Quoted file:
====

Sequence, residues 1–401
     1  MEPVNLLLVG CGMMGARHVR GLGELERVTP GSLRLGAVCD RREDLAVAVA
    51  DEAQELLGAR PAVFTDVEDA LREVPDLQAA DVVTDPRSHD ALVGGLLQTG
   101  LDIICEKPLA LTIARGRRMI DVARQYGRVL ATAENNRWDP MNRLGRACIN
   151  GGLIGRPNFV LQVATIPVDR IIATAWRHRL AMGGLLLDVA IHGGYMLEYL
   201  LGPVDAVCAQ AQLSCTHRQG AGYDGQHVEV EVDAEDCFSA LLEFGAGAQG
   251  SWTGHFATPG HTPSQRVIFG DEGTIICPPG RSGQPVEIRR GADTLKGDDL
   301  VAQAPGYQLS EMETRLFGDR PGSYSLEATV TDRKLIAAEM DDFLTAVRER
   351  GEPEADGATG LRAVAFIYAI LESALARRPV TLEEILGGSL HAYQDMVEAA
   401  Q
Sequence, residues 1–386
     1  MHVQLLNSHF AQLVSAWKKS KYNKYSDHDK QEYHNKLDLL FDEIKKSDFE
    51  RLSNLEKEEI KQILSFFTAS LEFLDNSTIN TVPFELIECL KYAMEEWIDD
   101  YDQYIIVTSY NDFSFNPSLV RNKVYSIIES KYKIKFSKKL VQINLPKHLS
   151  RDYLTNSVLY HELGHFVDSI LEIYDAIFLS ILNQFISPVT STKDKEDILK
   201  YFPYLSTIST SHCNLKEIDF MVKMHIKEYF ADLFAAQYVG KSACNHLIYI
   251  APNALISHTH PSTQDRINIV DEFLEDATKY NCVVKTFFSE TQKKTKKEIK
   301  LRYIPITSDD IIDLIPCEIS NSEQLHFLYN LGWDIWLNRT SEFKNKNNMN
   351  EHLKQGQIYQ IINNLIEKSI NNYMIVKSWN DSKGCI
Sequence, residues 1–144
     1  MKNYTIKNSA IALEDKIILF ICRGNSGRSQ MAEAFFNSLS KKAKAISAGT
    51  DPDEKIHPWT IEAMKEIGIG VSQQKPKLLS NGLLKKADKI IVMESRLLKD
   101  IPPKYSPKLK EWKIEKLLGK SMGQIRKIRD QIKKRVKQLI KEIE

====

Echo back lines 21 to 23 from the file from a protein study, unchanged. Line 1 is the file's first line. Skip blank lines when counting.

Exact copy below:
     1  MKNYTIKNSA IALEDKIILF ICRGNSGRSQ MAEAFFNSLS KKAKAISAGT
    51  DPDEKIHPWT IEAMKEIGIG VSQQKPKLLS NGLLKKADKI IVMESRLLKD
   101  IPPKYSPKLK EWKIEKLLGK SMGQIRKIRD QIKKRVKQLI KEIE